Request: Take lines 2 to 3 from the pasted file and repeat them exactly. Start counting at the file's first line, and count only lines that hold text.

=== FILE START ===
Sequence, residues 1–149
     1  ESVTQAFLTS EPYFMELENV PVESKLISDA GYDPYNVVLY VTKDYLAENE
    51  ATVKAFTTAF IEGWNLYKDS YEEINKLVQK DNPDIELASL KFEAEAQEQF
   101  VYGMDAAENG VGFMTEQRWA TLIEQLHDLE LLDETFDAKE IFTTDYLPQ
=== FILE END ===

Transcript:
     1  ESVTQAFLTS EPYFMELENV PVESKLISDA GYDPYNVVLY VTKDYLAENE
    51  ATVKAFTTAF IEGWNLYKDS YEEINKLVQK DNPDIELASL KFEAEAQEQF